Here is more from the BBC Caribbean Report: http://www.bbc.co.uk/caribbean/news/story/2009/02/090219_stanfordgate.shtml
Every time a carpet bagger shows up, all "Continentals" are suspect.
Is it really hard down there now, economically? My understanding (which is extremely limited) was that stx was pretty independant, and, although pay is lower and expenses higher, I guess I thought that everyone down there was "used to it" and doing as well as they always did?
Up here (Minnesota - where I'll be leaving in 43 days to live in stx!!), times are extremely hard and have been for a few years (I want to say two for sure, maybe more). I work in the real estate industry right now, and we're hemorraging agents and money. Five of my friends' parents have lost their jobs - good ones - in the past year. I even have friends getting laid off regularly!
Is this the type of situation you have on island? I must not have a very good understanding of island economics yet, and I apologize if I'm out of line asking these questions! Just curious and concerned, seeing as how I'll be calling stx home soon enough!
According to this report, no plans are in place to seize any property on StX.
Stanford's Virgin Islands Assets Not Seized
By Martinne Geller
CHRISTIANSTED, U.S. Virgin Islands (Reuters UK) - Allen Stanford has millions of dollars worth of assets on the Caribbean island of St. Croix, but U.S. regulators have not seized any in their probe of the Texas billionaire, a U.S. Marshal said on Monday.
James Sullivan, U.S. Marshal for the Virgin Islands, told Reuters that Stanford's assets here include a 120-foot yacht and a $7.7 million (5.3 million pounds) mansion in Christiansted, St. Croix's largest city.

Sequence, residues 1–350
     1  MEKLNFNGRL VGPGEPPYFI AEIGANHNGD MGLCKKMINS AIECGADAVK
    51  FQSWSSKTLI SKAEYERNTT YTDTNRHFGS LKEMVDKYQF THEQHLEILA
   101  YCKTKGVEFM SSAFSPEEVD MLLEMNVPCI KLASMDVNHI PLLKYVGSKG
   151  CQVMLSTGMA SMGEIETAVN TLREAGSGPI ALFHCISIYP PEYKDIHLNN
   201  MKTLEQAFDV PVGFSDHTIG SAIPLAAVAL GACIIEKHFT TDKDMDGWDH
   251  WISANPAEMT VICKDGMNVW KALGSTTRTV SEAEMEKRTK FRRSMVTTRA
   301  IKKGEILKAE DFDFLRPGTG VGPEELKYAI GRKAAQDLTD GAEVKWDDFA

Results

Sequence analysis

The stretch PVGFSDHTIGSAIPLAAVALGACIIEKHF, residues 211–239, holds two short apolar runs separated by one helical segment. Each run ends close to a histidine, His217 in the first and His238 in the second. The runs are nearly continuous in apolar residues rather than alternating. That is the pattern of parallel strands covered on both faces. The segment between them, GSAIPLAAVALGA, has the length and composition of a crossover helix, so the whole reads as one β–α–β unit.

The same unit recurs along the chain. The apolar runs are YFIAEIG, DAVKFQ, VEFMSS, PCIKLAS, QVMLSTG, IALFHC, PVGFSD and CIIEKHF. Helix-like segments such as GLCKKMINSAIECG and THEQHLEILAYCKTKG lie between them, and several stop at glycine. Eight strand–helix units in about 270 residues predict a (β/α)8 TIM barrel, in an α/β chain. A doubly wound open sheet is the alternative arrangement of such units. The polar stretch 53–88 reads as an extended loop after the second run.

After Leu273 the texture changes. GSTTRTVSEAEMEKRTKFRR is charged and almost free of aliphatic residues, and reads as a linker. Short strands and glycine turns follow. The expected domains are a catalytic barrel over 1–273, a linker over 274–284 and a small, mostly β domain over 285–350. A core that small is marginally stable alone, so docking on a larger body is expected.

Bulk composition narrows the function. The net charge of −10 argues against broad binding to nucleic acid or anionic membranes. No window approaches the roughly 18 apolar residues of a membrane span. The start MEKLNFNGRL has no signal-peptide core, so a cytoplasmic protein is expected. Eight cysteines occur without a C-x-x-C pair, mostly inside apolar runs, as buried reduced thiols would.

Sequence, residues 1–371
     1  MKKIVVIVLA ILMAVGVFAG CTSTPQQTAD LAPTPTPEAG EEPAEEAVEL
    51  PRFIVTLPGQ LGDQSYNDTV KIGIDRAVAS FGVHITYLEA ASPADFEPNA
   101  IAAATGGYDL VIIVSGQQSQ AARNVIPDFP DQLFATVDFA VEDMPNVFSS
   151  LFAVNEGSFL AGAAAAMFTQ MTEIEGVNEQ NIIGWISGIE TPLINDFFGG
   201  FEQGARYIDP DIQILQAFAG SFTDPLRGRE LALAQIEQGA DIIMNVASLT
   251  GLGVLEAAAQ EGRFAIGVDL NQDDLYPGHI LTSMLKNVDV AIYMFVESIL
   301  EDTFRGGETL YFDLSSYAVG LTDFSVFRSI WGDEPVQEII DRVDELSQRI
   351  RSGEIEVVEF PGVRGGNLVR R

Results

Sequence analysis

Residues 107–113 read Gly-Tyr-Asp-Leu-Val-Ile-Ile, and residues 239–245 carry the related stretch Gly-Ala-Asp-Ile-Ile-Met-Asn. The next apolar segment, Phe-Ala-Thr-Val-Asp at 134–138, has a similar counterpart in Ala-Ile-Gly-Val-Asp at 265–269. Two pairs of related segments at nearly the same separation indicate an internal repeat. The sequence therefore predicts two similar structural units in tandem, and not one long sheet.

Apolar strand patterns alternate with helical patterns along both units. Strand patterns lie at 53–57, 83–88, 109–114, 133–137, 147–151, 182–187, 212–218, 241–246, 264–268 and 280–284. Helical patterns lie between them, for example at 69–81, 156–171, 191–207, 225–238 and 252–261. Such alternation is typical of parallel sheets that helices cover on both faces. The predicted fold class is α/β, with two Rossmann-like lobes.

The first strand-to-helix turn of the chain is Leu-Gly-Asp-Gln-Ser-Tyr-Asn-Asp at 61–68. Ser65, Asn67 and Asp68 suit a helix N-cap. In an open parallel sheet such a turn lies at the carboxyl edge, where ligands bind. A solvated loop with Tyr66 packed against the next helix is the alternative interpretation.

According to local real estate brokers who worked with Stanford and his associates, the flamboyant financier also owns several other pieces of residential and commercial real estate including a $9 million hilltop estate and $5 million worth of storefront property in downtown Christiansted.
The U.S. Securities and Exchange Commission charged Stanford, 58, last week with fraudulently selling $8 billion in certificates of deposit with improbably high interest rates from his Stanford International Bank Ltd (SIB), headquartered in Antigua. Regulators in Antigua have seized Stanford's banks and companies there.
In St. Croix, the largest of the U.S. Virgin Islands, investigators are compiling a list of Stanford's assets.
"We know who owns the boat and home. If they (the SEC) ask us to seize it we will," Sullivan said. "As of today, we have no indications that they'll ask us ... I don't know if they want us to or don't want us to."
Stanford did have corporate jets on the island, but Sullivan said he believed they have been returned to Stanford Financial's corporate hangar in Sugar Land, Texas.
Stanford purchased the downtown mansion, known as the Bjerget House, last year at an auction related to the bankruptcy of its former owner, Jeffrey Prosser and his Innovative Communication Corp.
The sprawling 18th century home was once owned by the Danish pianist and comedian Victor Borge and its opulent, gated exterior is a sharp contrast to its smaller Hill Street neighbours.
Yes businesses here have had to laid off employees and cut hours here. It started theis last spring when wapa keep raising electric to keep up with the rising gast prices. As a newbie you need to know that rising gas prices affect everything here. STX imports everything so if gas goes up so does everything, your electric, groceries, shipping, my trash pickup even went up! Some business closed because of this, the rest squeak through but the wapa bills were horrendous.